Stop Looking for More Time and Use What You Have

At some point every year, I lose my voice for a few days. Because my job is to communicate company strategy and keep my team motivated, it’s a tricky problem. I have to choose every word carefully because too much small talk could extend my speechlessness.

But instead of wishing I had my voice back, I work efficiently with what I have. The same can be said for time. All executives crave more time, but not all of us use the time we already have efficiently.

Obstacles and Time Stealers

If you’re anything like me, you love work but not all the structural maintenance that surrounds it. Some processes, for example, drive me nuts. Why do 56 percent of common HR activities require approval from the HR department? I understand that approving purchase orders, invoices, and vacation days takes time to manage, but why so much time? You’re usually giving a yes or no answer to these questions, but the red tape sometimes makes it feel like you’re using nuclear launch codes.

The rigidity of these structures is their undoing. Efficient work is about getting things done — often in the moment. And the processes in and away from your office should reflect that.

If you complain about not having enough time, fix it. If you’re the leader, you shouldn’t allow a structure that steals your time.

Make It About Moments

The toughest business to run is “running” a family — you never know what drama will happen next with one of the kids. A bleeding knee, a lost toy, a nasty breakup? No matter what, caring parents always find that magical moment when time seems to stand still and the only thing that matters is taking care of a loved one. So when you’re short on time, make it about those magical moments that really matter:

  1. Moments of Yes

Questions with one-word answers shouldn’t require entire emails. If someone needs to sign off on something, let that person give approval or denial with a single smartphone tap. You’ll eliminate thousands of hours in wasted time by simply going mobile and avoiding a cumbersome system.

  1. Moments of Reach

My job is to communicate with everyone in the organization, and when my lines of communication shut down, it inhibits my ability to function. If not everyone has access to the same lines of communication — for instance, if many employees work remotely — that task is even more laborious. Without clear lines of communication, the whole system bogs down.

Today, reach is no longer an issue. You can reach everyone where they always are: on their smartphones. Turn your announcements, instructions, and processes into mobile moments, and you’ll save countless hours while keeping everyone informed.

  1. Moments of Truth

Business is about information. Communicating key figures such as the forecast, inventory, or any other metrics should be as easy as reading about last night’s game.

Turn those key figures into moments of truth on your smartphone, saving people hours of digging through emails or staring at that huge dashboard with overwhelming information.

  1. Moments of Productivity

None of this is really magic; it’s all about empowerment and engagement. If you’re short on time, don’t look for more. Use the time you do have more productively. Turning all your approvals, communications, and key figures into small magical moments cuts wasted hours and boosts productivity — leaving time for the things you care about most, whether that’s an extra brainstorming session or an extra hour with the kids.

Always ask yourself, “If I had just one more moment, how would I make that moment count?”


photo credit: Onehundred and eightynine via photopin (license)

Tips To Make Time For Employee Engagement

Employee Engagement: individual’s investment of wisdom, skills, energies, creativity and time in the work assigned.

This is the last of 5 articles exploring specifics of employee engagement. We’ve examined WisdomSkills, Energies and Creativity. Using Time as a factor in employee engagement is more than merely “time management.” Let’s see how.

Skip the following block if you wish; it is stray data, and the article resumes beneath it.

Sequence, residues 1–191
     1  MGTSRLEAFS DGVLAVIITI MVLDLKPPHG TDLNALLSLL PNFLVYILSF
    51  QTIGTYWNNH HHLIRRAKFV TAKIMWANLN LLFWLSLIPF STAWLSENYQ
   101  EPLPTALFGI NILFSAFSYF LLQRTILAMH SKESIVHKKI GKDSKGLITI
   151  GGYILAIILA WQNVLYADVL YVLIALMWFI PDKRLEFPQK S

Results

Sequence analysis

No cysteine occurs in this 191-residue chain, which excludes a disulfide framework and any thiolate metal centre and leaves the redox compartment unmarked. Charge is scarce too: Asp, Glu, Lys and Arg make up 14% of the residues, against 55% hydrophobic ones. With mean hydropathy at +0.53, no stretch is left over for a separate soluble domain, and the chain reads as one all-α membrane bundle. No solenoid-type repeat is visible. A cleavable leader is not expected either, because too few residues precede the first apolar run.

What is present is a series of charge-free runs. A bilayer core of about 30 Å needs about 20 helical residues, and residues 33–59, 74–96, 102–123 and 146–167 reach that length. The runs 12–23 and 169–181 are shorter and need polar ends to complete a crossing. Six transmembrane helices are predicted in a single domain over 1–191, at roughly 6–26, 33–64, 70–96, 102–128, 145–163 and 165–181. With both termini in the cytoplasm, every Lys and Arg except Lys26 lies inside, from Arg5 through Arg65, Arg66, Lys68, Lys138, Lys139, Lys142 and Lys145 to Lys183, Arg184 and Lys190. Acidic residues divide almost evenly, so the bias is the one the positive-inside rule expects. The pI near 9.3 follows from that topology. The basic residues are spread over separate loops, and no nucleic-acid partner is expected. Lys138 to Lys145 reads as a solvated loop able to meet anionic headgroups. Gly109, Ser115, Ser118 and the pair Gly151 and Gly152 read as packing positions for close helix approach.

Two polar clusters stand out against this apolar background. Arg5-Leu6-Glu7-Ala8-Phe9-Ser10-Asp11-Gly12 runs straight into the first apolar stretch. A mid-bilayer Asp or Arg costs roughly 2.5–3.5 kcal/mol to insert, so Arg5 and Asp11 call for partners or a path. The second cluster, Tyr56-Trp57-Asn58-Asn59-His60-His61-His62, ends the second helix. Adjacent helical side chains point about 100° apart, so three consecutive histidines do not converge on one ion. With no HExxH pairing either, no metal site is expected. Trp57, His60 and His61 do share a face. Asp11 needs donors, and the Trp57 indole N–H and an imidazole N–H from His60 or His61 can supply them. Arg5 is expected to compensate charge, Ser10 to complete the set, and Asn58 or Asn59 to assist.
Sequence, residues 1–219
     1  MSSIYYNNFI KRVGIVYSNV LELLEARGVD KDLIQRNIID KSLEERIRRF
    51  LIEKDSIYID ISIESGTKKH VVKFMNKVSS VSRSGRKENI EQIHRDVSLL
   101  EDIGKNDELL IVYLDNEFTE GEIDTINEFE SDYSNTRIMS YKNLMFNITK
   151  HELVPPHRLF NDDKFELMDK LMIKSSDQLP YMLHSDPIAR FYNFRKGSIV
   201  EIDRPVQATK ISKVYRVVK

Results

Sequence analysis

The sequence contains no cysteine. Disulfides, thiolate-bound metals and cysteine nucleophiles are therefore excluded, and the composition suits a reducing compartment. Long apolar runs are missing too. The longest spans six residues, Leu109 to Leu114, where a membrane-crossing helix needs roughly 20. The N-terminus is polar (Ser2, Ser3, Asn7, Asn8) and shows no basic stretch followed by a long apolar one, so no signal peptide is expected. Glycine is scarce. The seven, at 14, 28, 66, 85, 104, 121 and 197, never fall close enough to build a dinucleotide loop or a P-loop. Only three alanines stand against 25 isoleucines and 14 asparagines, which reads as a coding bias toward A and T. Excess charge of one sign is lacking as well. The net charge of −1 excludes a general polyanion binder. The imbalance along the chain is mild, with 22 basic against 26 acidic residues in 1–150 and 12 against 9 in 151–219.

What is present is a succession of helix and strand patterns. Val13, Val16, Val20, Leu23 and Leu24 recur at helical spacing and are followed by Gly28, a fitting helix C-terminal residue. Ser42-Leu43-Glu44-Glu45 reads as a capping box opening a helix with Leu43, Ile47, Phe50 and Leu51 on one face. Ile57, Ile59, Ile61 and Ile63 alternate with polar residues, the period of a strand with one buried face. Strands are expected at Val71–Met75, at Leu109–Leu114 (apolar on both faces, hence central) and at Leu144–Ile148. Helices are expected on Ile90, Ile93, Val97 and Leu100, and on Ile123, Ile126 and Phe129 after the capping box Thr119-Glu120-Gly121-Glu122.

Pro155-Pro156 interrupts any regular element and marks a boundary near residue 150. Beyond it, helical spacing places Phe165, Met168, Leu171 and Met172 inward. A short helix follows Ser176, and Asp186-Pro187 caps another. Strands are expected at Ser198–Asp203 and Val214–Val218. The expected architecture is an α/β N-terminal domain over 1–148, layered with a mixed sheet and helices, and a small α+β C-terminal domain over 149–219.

What Time Means (Definition)

Concerning “work,” Time is the limited period or interval (of minutes, hours, days, etc.) between two successive events and considered distinct from other periods. We think of work in terms of time required: a day, a week, a quarter. And we know time in terms of deadlines: by tomorrow, by next week, by the end of this quarter. We frame work by time: how long it will take (projected) and how long it actually took (expended).

What Time Brings (Value)

We’re referring to the value of engaged time: time in which individuals actively invest themselves and their wisdom, skills, energies and creativity. When employees engage time rather than compete with time, wrestle time, feel pressured or oppressed by time, then their work and its outcomes are of greater quality. Here are some specifics.

Savor Time. Some approach time as the determinant of how much, how fast, or how long for the task at hand. Some who savor time are more constructive in what they bring to their jobs and their company. These view an assignment through the lens of what they may do, what they can complete, what they will contribute. These individuals savor the work and therefore the time they spend engaged in their work.

Making Time Work. This is not “time management.” Time management holds that there’s not (ever) enough time. That creates a hardship mindset from the start. Approaching an activity and viewing time as an ally allows more energy and creativity for the work. Viewing time as a raw material, chunks of which are available to use, makes time a workable partner in the effort.

Stronger Self. Chasing time—or being chased by time’s shortage—draws on one’s energies: physical, mental and emotional. That reduces one’s sense of strength, ability to function, confidence, even self-worth. When one feels that time is her creation with which to work, a resource he makes available when he needs it, those personal strengths are held in greater supply, more readily available to boost one’s engagement.

How To Bring On Time (Actions)

Incorporate Self-time. Both individuals and corporate culture need to respect the value of self-time: time in which the employee frees herself physically, mentally and emotionally from the job. This can and should occur in a variety of ways. Self-time can be 5 minutes up and away from the desk, breathing deeply, and repeating an affirmation. Self-time may be a commitment to making the time between 11:30 and 12:30 non-working lunch time. Self-time may be the carefully built habit of not performing any aspect of work after a certain p.m. time; it may be that zero work is ever taken home.